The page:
Deerbank Farm

It is a glorious winter morning in Manitoba. The sun rose far south of where it comes up in summer. The wind is blowing enough to make the tops of pine trees surrounding the yard sway to the sigh of a breeze making its way through the branches. The fields are white. It was warm one day after the first snowfall, then frost at night transformed the soft snow into a glistening sheet of ice crystals shimmering in the brilliant sunshine.

Sundogs sometimes appear in the southern sky.

Becky III, the farm’s third collie, has grown a golden winter coat that keeps her warm. She runs circles around me, yelping happily when I walk the ring dike that protects Deerbank from flooding in spring.

Most members of the Jorgenson clan come home for Christmas. Even though Kathleen’s eight children have families of their own, they still come home to celebrate Christmas Eve in the United Church of Morris. Carole, the oldest, comes from Alberta; Bonnie, Gladys and Lori come from Winnipeg; Debbie comes from British Columbia; Sharon comes from the neighbouring farm two miles north of Deerbank; Brenda comes from Ontario; and Wayne, the youngest, is the son who stayed on the farm. He lives in the big new house off the municipal road.

I will be with my family at Christmas. All of us will be together, just as we have been the last seven years, twice in Mexico, once in Vancouver, once in San Jose, once in Kenya and once before in Winnipeg. Kirsten and Rebecca and their families live in Winnipeg. Lara with her family comes from Vancouver. Christmas Eve we go to a church across Lagimodiere from the cemetery where Diane lies buried beneath the winter snow. She died in February of 2004, so now we gather Christmas Eve beneath the steeple that casts a shadow across her grave at eventide.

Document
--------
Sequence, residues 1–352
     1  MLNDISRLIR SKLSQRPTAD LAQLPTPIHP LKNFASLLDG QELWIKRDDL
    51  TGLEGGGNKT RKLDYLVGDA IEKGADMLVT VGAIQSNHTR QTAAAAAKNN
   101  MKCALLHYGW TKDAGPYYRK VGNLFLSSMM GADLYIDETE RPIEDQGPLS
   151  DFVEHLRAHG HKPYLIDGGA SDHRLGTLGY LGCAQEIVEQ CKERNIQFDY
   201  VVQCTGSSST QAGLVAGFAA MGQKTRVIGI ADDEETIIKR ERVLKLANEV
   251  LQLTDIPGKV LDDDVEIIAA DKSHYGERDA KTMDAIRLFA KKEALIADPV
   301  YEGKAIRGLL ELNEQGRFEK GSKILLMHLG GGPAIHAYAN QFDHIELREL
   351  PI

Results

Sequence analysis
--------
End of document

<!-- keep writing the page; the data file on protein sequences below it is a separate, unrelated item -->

Diane liked Christmas. Her holiday menu was always the same: turkey with stuffing, crab casserole, creamed turnips, sweet potatoes with marshmallows on top, mashed potatoes and gravy and a few condiments. The girls brought salads and desserts. My job was to get up early Christmas morning to peel vegetables.

I used to make a Christmas cake with my grandson Justin when he was young. He’s graduating from the University of Manitoba in engineering next spring, but when he was a lad, we used to go to the store to buy all the goodies that go into a good dark Christmas cake, then come home to mix the batter. After it was baked we shaved off a few pieces from the end for Diane, Justin and me to taste, then poured rum over the cake, wrapped it in cheesecloth and tinfoil and carefully stored it to cure for Christmas.

I am reading an interesting book called “Powerful Prayers”. CNN’s Larry King interviews famous people about how they pray. The list includes presidents and paupers, actors and actresses, media moguls and money managers. I find it interesting to note that few of them ask for specifics, except diehard Christians like Jimmy Carter, who asked for and got success at a peace summit with Anwar Sadat. Most people, regardless whether they grew up in God-aware households, ask for wisdom, not what they wish would happen – guidance, not things. I am re-shaping my thoughts on what prayer means to me and have resolved to grow out of my negative childhood reaction to prayer.

You read in King’s book about outstanding people, especially world leaders, who pray for world peace.

I have an old-world motif running through my apartment here on the farm. A framed photo of the world as Spanish conquistadors knew it hangs dominant at the end with a loveseat beneath. I also have a treasure chest bound in leather with ancient symbols, picture albums with world covers and a globe resting in its cradle inside an old oak stand.

Yesterday I went to the MCC store in Morris and found a beautiful sculpture of the famous praying hands. It inspired me to think of prayer differently, to pray for world peace and make a photographic symbol of my resolution.

It is mid-afternoon. Shadows are lengthening already as the sun descends. Soon it will disappear – long before supper time – because winter days are at their shortest now until December 21. It will set far south of where it drops behind the horizon in summer. The afternoon breeze has subsided. Soon it will be dark. Clear skies mean it will be very cold tonight.

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